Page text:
Early in the fourth quarter of Maryland women’s basketball’s matchup against Towson, Ashley Owusu drove to the hoop. She’d regularly gotten to the rim so far, but this time she wasn’t looking to score. With three defenders converging on her, the sophomore guard flung a left-handed pass out to Diamond Miller, who took a slight step to the side before knocking down a three-pointer.
That bucket was one of many from distance, as the Terps drained a program-record 21 shots from long range. Leading that charge were the duo of Owusu and Miller, who carried Maryland in lieu of the injured Angel Reese to a 112-78 victory over Towson.
“A lot of great things when you talk about Ashley and Diamond’s career highs, setting a program record for the most threes in the Big Ten with 21 tonight,” coach Brenda Frese said. “In my time here to see a team go 21-for-31 from the three-point line is pretty special to be able to watch.”
The sophomores were dominant against the Tigers, combining for 53 points and showcasing their abilities as versatile scorers. While the pair had already shown they could score inside the arc, Thursday’s performance was the first game this season either of them had found success from three.
Last year, Owusu shot just 31 percent from beyond the arc. Through the first three games, it didn’t seem like that would change. Coming into the Towson contest, she had only taken two long-range shots this season, and both were misses.
Against the Tigers, last year’s Big Ten Freshman of the Year went 3-of-5 from behind the arc, a career high in makes from deep. Owusu’s threes were almost entirely on catch-and-shoot opportunities. On one of those shots halfway through the fourth, Miller drove to the hoop, created space and threw a pass to a wide-open Owusu, who confidently stepped in and made the three.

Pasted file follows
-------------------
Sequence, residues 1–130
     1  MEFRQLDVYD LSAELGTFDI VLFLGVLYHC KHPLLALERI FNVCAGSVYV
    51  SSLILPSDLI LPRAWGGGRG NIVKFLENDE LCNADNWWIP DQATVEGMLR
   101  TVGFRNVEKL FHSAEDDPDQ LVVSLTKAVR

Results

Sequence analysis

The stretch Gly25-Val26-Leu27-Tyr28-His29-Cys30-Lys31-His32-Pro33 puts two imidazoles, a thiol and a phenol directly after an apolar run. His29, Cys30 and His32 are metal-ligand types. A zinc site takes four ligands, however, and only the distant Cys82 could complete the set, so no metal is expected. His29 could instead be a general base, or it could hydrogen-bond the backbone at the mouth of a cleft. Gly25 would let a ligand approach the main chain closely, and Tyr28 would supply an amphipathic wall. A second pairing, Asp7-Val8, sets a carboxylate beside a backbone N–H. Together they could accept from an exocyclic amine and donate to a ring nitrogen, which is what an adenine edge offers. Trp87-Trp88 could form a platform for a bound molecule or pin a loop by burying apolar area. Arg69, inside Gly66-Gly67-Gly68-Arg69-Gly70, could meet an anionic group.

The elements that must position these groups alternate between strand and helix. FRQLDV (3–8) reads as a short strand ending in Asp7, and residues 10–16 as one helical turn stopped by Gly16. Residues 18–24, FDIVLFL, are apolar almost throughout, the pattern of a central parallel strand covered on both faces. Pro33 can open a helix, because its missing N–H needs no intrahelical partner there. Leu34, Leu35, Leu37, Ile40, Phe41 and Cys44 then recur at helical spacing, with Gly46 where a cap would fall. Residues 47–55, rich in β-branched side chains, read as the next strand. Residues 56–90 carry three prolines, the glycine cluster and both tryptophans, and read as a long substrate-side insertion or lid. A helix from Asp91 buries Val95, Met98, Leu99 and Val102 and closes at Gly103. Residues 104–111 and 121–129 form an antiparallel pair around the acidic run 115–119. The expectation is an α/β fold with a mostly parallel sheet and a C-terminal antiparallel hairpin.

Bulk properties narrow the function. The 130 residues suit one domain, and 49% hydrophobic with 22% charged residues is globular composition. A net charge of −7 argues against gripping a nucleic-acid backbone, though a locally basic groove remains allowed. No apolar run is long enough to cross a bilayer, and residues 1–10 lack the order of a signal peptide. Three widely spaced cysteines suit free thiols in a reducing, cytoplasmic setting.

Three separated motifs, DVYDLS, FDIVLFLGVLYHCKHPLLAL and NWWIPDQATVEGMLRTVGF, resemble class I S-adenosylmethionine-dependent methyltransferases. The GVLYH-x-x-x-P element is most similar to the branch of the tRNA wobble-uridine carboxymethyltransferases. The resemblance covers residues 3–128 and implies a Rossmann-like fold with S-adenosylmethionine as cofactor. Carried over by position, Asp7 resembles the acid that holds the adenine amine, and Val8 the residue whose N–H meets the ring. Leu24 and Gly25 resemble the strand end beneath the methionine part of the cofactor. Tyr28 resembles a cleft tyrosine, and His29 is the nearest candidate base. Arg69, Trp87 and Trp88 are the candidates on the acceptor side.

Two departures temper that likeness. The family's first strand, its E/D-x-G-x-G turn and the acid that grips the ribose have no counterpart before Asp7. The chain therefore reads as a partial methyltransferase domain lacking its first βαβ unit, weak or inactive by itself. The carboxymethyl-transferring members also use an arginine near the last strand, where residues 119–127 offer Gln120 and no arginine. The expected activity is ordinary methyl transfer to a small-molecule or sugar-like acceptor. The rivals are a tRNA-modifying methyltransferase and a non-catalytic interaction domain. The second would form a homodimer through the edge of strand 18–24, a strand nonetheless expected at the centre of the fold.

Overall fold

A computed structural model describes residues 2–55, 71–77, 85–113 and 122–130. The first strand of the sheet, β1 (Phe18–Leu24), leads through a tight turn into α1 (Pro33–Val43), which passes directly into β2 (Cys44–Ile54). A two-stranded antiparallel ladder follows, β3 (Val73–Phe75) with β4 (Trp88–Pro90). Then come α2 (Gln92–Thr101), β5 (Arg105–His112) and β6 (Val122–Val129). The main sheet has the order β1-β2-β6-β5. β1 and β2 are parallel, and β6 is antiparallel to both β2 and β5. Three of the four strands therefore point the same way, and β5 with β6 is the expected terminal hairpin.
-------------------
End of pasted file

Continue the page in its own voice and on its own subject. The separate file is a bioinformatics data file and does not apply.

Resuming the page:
That shooting helped Owusu generate other looks as well. Midway through the first quarter, she caught a pass on the right wing and became momentarily open. Owusu shimmied past a closing defender, creating just enough space to elevate and make a mid-range jumper. She finished the game with 25 points on an efficient 9-of-15 shooting.
“We just came out with a lot of confidence and shot the ball well,” Owusu said. “We’re sharing the ball and getting each other open shots, and we’re knocking them down.”
Miller came into the season with less pedigree but the same shooting concerns. Miller shot just 31.5 percent from three last year, and she struggled immensely to start the season, making only one of her first nine attempts.
That changed against Towson. Miller kept bombing away despite her previous struggles, but this time, her attempts began to fall. She went 5-of-7 from behind the arc and finished with 28 points — all career highs. Through four games, Miller is second on the team with 17.8 points per game on 55.8 percent shooting.
“[Miller has] had one of the most consistent preseasons for us when we talk about practices, so I wasn’t surprised,” Frese said. “I thought it was actually uncharacteristic for Diamond and her shooting in Florida, but I think she just needed to get back to Xfinity.”
While most of her attempts were open shots, on one play midway through the second, Miller caught the ball in transition, took one dribble and launched a three with a defender in her face.
“We took easy shots. It wasn’t like our shots we were taking were difficult, they were just wide open,” Miller said.
Miller’s scoring ability from all three levels of the court has been impressive so far this year. Against Towson, she repeatedly used her length to get inside the defense and score at the rim.
With the heralded freshman Reese out, possibly for the rest of the regular season, the Terps will need their sophomore guards to continue their scoring production, especially as a daunting Big Ten schedule looms.
“I explained to both of them when I pulled them out tonight that you have to consistently bring it in for us to be successful this season,” Frese said. “They have to be consistent for us, but I’m excited because these two are winners. They love to compete.”